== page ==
Aruna Sharma, MD is currently Secretary of Research at Uppsala University Hospital, Uppsala University, Sweden. She obtained her Bachelor of Science in 1971 and trained in Indian Medicine up to 1977 and engaged in medical research from 1978 to 1986 in India on hyperthermia induced brain dysfunction under University Grants Commission and Indian Council of Medical Research Programs. She is a qualified experimental Neurpathologist and received her training at Karl Marx University Leipzig, Institute of Neurobiology (1987-1988); Semmelweis University Medical School, Department of Human Morphology and Developmental Biology, Budapest, Hungary (1988-1989), Free University Berlin, Germany (1989-1991) and Neuropathology Institute Uppsala (1992-1995). She was further engaged in experimental neuropathological research at Uppsala University Hospital in the laboratory of Neuropathology of Hari Sharma and Yngve Olsson under Swedish Medical Research Council Program. She continued to work with Hari Sharma and Jan Westman in the department of Neuroanatomy, Biomedical Centre, Uppsala University from 1996 until 2003 on neuroimmunohistochemistry of experimental and human brain diseases. Since 2004 she joined Department of Surgical Sciences, Anesthesiology & Intensive Care Medicine and working on research programs including Nanotechnology in the CNS and disease modulation by endocrine or cardiovascular anomalies in the CNS and neuroprotection under various National and International Research Programs. Her main interest is now focused on Indian Medicinal drugs and their effects on the Central Nervous System Function, toxicology, neurorepair and neuroprotection. She is also investigating neurotoxicological profiles of many Ayurvedic traditional drugs with special reference to those containing metal oxide or metal ashes. Dr Sharma is member of various Distinguished American Organizations and elected to receive the prestigious award “Women of the Years Representing Sweden Award 2009” for her outstanding contributions towards society by American Biographical Research Institute, USA; and “Best Professional Business Women Award 2010” For Setting Standard to Motivate, Excel and Inspire Others, Raleigh, North Carolina, USA. She has published over 50 original research papers in Reputed Neuroscience Journals and is currently Acquisition Editor of American Journal of Neuroproetction and Neuroregenartion.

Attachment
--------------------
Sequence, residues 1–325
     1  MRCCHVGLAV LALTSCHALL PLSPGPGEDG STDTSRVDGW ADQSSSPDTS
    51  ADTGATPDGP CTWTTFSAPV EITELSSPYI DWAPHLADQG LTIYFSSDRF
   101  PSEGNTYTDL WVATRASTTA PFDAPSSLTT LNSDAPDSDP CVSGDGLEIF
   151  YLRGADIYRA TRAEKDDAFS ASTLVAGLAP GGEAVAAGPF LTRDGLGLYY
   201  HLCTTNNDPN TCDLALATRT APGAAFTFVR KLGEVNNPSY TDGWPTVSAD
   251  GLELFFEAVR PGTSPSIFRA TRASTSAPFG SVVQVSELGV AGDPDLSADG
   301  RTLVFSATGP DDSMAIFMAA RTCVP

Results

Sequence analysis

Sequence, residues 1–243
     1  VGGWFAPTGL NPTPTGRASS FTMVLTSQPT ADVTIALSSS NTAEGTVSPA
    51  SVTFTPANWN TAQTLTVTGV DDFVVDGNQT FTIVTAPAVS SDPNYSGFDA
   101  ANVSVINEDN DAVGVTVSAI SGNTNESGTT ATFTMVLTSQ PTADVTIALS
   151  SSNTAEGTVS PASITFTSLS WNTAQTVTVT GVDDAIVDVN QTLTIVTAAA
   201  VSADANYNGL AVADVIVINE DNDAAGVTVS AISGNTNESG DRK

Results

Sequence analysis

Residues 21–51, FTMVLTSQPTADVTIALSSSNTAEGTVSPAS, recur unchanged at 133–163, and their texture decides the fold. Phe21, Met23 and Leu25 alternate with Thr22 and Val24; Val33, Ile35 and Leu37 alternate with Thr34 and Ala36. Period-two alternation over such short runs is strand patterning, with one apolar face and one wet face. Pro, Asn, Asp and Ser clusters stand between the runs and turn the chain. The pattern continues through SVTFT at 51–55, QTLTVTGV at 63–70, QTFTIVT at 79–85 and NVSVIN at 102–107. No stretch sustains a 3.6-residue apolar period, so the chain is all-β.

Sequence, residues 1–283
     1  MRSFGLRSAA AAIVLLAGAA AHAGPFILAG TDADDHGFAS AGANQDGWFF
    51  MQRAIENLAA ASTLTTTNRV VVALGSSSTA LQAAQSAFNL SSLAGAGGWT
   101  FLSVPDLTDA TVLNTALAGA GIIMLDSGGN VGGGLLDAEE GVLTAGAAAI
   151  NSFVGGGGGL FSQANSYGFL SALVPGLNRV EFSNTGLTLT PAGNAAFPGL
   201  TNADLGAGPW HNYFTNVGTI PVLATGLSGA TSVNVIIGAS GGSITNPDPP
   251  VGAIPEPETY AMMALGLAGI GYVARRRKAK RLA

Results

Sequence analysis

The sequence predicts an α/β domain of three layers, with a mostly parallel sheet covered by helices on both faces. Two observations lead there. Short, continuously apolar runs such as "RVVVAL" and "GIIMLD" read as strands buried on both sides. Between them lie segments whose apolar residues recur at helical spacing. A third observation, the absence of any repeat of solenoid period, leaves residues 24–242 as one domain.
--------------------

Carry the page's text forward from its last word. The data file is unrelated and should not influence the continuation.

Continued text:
Military personals are often subject to sleep deprivation (SD) during combat operations or peacekeeping missions abroad that may affect brain function and reduce their ability to perform at optimal level. However, disturbances in brain functions following SD by additional exposure to nanoparticles (NPs) is unknown. In present investigation effects of SD on blood-brain barrier (BBB) breakdown and cognitive and sensory motor function was examined in a rat model. Furthermore chronic intoxication of engineered NPs from metal, e.g., Cu and Ag of two different sizes (20 to 30 nm or 50 to 60 nm) on BBB and behavioral functions were also examined in SD. SD was induced in young adult rats (age 12 to 14 weeks) using a model in which the animals are placed over an inverted flowerpot platform (ca. 7 cm diameter) in a water pool where the water levels are just 3 cm below the surface. Animals may sleep for brief periods but could not achieve deep sleep as they would fall into water. Normal animals subjected to SD showed leakage of Evans blue largely seen in the cerebellum, hippocampus, caudate nucleus, parietal, temporal, occipital and cingulate cerebral cortices and in the brain stem. The ventricular walls of the lateral and 4th ventricles were also stained blue indicating that SD disrupts both the BBB and the blood-cerebrospinal fluid barrier (BCSFB). Abnormal behavioral functions are also seen on Rota Rod, inclined plane angle test as well as walking on a wired mesh. The breakdown of the BBB, BCSFB and behavioral disturbances were progressive in nature from 12 to 48 h. However, no apparent differences in BBB or behavioral dysfunction were seen between 48 and 72 h of SD. When Cu or Ag NPs treated rats (50 mg/kg, i.p. daily for 7 days) were subjected to identical SD for 12 to 72 h, profound exacerbation of BBB disruption to Evans blue (+150% at 12 h; 260% at 24 h; 300% at 48 h and 360% at 72 h) was seen in similar brain regions. The ventricular walls showed much deeper blue staining indicating that BBB and BCSFB breakdown were exacerbated by NPs intoxication. The behavioral dysfunction in the NPs intoxicated animals was also exacerbated than normal animals. Small sized NPs induced most pronounced effects on BBB disruptions and behavioral dysfunction than the large sized NPs. In general, Ag NPs irrespective of their sizes exerted most pronounced effects on BBB and BCSFB disruption than Cu NPs of similar sizes. Ondansetron treatment (1 mg/kg, s.c.) 4 to 8 h after SD resulted in significant neuroprotection in 12 o 24 h SD rats. Interestingly nanodelivery of TiO2 nanowired ondansetron (1 mg/kg) resulted in pronounced neuroprotection in 48 to 72 h SD rats. Taken together our observations are the first to point out that (i) small sized NPs may have more devastating effects on brain and behavioral dysfunctions during SD, and (ii) nanodelivery of a 5-HT3 receptor antagonist ondansetron may alleviate most of the adverse effects of SD with our without NPs intoxication.